In the 1920s, despair prompted Soviet leaders to adopt the New Economic Policy (NEP), an attempt at new policies to improve the economy. In 2022, facing sanctions and isolation from Western countries, Russian leaders appear to have adopted another new economic policy. In the 1920s, NEP was based on a greater use of market forces. Today, the policy appears based on force, a combination of stealing from Ukraine, facilitating looting by soldiers and inflicting famine on the world.
Famine: Since the invasion of Ukraine, Russian forces have blocked more than 20 million tons of grain from being shipped through Black Sea ports. The European Union’s foreign policy chief Josep Borrell has called Russia’s action a war crime. Given the quantity of grain blocked, United Nations personnel have warned a famine could take place in parts of the world. This is not an accident. Russian officials are open about leveraging the prospect of mass starvation to compel Western governments to lift sanctions harming the Russian economy.
In June 2022, at the Petersburg Economic Forum, Margarita Simonyan, editor-in-chief of Russian state-controlled RT, said she heard from people several times in Moscow that “All our hope is in the famine.” She continued, “Here is what it means. It means that the famine will start now and they will lift the sanctions and be friends with us, because they will realize that it’s necessary.”
Preventing Ukraine from selling its wheat is not a side effect of the war. It is part of Russia’s economic strategy to leverage widespread hunger to help its economy.
The Russian government is also stealing or nationalizing land from Ukrainian farmers in a parallel to Stalin’s expropriation of Ukrainian farmers’ property during collectivization in the 1930s, which resulted in millions of deaths from famine and saw the deportation of Ukrainian farmers who resisted.
“Moscow’s invasion of Ukraine has captured some of the most productive agricultural land in what is one of the world’s great breadbaskets, disrupting supplies and pushing up food prices,” reported the Wall Street Journal. “Russian forces have also stolen grain and equipment, the Ukrainian government and farmers say. Now, entire farms are being taken, some farmers say. . . Mr. [Dmitry] Skorniakov said that in May a group arrived at his farm in southeastern Ukraine claiming to represent the government of the self-proclaimed Donetsk People’s Republic, which broke away from Ukraine with Russian support in 2014. ‘They said, ‘Now it belongs to us and you work for us, everything is our property,’ Mr. Skorniakov said his workers had told him.
“Valery Stoyanov, 50, said Chechen soldiers took over his farm near the southern city of Melitopol shortly after the invasion began on Feb. 24, telling his farmhands that it now belonged to the unit’s commander. ‘This collective farm is now mine,’ the Chechen commander told workers whom he had gathered to address, Mr. Stoyanov said his workers told him. In the following days, the soldiers sold valuable equipment and shipped out 2,500 tons of grain that was stored at the farm.”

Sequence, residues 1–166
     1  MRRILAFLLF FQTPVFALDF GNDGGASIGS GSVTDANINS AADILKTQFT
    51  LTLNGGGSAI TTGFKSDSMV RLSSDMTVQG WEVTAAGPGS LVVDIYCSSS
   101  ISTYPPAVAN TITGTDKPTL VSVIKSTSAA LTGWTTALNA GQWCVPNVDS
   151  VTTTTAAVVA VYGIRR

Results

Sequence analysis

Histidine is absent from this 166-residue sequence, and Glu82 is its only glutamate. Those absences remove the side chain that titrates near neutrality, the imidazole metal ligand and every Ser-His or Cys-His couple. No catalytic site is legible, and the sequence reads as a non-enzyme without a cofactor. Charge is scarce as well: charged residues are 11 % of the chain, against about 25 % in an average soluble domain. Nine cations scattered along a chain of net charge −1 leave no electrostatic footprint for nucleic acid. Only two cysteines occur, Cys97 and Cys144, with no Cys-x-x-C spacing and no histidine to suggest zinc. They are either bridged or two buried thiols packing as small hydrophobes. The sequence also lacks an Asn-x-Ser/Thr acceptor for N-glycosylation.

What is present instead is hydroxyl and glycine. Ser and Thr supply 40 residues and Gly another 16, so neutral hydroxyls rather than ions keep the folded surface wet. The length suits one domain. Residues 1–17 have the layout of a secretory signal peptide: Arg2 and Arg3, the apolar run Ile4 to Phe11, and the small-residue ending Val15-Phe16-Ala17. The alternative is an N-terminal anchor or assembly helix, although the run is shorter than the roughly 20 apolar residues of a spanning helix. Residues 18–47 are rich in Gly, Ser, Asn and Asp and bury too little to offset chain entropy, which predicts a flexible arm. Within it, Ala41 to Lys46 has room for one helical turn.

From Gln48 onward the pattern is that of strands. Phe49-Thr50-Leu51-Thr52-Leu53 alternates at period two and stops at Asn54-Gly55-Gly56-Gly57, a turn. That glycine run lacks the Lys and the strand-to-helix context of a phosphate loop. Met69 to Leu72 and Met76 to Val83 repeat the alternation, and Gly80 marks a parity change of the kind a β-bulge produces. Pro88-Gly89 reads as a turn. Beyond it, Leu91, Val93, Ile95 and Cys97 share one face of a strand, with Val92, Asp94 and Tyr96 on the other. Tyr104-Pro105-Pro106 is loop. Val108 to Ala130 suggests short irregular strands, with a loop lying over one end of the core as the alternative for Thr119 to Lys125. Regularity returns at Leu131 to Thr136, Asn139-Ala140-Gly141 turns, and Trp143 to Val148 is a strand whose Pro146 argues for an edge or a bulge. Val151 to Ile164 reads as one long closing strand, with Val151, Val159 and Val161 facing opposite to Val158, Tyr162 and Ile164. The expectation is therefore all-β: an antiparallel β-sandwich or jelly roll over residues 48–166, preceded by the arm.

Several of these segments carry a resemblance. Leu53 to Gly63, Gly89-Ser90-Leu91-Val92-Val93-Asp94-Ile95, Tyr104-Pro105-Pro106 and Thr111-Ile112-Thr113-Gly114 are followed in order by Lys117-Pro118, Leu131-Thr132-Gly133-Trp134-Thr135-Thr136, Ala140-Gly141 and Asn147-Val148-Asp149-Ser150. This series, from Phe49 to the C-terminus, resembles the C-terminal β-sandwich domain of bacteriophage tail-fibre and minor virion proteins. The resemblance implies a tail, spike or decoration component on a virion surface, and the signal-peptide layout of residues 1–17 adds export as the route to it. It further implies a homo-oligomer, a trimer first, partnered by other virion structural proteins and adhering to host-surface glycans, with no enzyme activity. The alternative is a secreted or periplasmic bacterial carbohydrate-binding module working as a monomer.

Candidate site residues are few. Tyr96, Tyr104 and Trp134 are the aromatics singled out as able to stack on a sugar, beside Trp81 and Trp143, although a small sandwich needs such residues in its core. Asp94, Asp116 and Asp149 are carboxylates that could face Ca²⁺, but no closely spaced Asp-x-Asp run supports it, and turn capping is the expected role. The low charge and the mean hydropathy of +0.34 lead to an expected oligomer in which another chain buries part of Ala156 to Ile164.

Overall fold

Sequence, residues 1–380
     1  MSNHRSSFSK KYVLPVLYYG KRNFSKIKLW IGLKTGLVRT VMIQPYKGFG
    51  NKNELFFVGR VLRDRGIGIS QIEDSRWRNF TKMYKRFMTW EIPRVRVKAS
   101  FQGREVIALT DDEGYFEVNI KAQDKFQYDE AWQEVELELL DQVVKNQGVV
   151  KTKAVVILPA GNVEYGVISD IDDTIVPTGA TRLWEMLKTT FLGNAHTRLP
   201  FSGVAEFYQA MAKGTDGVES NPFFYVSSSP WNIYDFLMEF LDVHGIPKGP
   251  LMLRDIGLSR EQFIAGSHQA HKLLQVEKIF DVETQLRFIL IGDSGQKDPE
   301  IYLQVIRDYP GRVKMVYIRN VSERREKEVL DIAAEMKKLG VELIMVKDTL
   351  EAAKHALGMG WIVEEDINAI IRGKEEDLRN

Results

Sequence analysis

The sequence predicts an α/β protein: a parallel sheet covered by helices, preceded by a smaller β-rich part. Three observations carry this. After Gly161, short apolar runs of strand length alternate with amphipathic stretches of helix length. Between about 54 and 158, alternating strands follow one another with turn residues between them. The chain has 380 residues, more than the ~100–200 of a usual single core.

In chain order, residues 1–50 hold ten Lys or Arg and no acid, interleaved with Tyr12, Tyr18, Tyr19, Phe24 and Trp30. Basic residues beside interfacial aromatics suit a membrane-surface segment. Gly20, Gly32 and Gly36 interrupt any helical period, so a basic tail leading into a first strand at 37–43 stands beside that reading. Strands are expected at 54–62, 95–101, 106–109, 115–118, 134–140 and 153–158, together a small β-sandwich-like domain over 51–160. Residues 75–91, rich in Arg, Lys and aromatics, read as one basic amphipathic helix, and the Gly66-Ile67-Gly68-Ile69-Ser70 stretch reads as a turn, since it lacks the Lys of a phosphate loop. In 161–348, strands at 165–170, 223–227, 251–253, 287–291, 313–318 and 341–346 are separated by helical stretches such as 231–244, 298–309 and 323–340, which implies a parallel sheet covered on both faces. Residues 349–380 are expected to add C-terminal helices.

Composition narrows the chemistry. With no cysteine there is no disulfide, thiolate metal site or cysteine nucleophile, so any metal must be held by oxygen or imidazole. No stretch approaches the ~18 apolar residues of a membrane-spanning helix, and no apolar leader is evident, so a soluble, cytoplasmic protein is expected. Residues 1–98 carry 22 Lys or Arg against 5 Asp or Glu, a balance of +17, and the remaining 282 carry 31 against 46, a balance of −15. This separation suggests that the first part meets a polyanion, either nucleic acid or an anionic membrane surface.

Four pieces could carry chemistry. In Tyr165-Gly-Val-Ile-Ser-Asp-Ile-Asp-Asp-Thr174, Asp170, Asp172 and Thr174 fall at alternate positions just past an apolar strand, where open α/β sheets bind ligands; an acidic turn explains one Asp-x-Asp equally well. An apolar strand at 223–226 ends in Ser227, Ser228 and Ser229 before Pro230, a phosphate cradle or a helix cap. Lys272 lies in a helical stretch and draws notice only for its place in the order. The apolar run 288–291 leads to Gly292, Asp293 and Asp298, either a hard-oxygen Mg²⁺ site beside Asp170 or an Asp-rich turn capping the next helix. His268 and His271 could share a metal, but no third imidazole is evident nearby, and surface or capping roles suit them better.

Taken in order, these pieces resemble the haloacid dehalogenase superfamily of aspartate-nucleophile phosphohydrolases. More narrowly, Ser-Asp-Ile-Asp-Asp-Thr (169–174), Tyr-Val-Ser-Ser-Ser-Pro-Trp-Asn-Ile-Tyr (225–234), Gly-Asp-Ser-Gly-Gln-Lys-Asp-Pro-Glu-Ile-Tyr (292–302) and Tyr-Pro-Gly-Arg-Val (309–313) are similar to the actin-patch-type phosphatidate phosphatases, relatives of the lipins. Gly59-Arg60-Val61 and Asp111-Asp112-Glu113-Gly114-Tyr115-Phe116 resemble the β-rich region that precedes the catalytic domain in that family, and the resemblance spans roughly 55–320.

The Ukrainian government estimates Russia has stolen about 400,000 metric tons of grains and seeds, according to the Wall Street Journal. Russia has also bombed Ukrainian farms and grain operations outside of its control.
Looting: The Russian government has difficulty finding enough manpower to prosecute military operations in Ukraine, in part, because it has not declared war and must rely on contracts with troops. One enticement to service appears to be allowing widespread looting, which at least one Russian soldier said in an intercepted phone call was sanctioned by Russian leader Vladimir Putin.
Compensating soldiers via looting was common in medieval times. Widespread reports of looting by Russian troops since the war began shows looting has been permitted as an informal economic strategy to harm Ukrainians and incentivize Russians to serve in the military.
In the near team, the Russian government may achieve some successes with its current approach, but it shows how much the invasion of Ukraine has distorted Russia’s economy and its future. In the long run, Russia is unlikely to build a successful 21st century economy through famine, looting and stealing.
China's Economy Shows Signs of Improvement as Covid Eases – BNN
(Bloomberg) — China’s economy showed further signs of improvement in June with a strong pickup in services spending as Covid outbreaks and restrictions were gradually eased.
The official manufacturing purchasing managers index rose to 50.2 from 49.6 in May, the National Bureau of Statistics said Thursday, slightly below the median estimate of 50.5 in a Bloomberg survey of economists. It was the first time since February that the index was above 50, indicating expansion in output compared with May.
The non-manufacturing gauge, which measures activity in the construction and services sectors, climbed to 54.7, the highest in more than a year and well above the consensus forecast of 50.5.
China’s CSI 300 Index rose as much as 0.9% while major stock gauges in Asia broadly fell.
Government restrictions to contain Covid outbreaks have gradually eased over the last month. The financial hub Shanghai lifted its two-month lockdown at the start of June by allowing more shops to reopen, more factories to resume production, and for port operation to pick up.
The data suggests “the pace of recovery accelerated as the Covid situation stabilized,” said Peiqian Liu, chief China economist at NatWest Group Plc. There was a “broad based but still soft recovery in both production and new orders,” and the figures show the rebound is still milder compared with the recovery from the Wuhan lockdown in 2020, she said.
Some 19 of the 21 sectors in the service sectors tracked in the survey returned to expansion last month, up from just six in the previous month, according to the NBS. Gauges of sectors previously hit badly by the outbreaks all improved, such as railway transport, air transport, accommodation, catering and entertainment.
The recovery remains fragile though as the country sticks to its Covid Zero strategy, meaning restrictions could be tightened if outbreaks of the highly transmissible omicron variant flare up again. Chinese President Xi Jinping reaffirmed his Covid Zero policy this week, saying it was the most “economic and effective” for the country.
Economists, meanwhile, are holding firm on their gross domestic product growth forecasts for this year. The median projection in a Bloomberg survey for 2022 growth is 4.1%, well below Beijing’s annual target of around 5.5%. Bloomberg’s aggregate index of eight early indicators showed some improvement in June, though the recovery remains muted.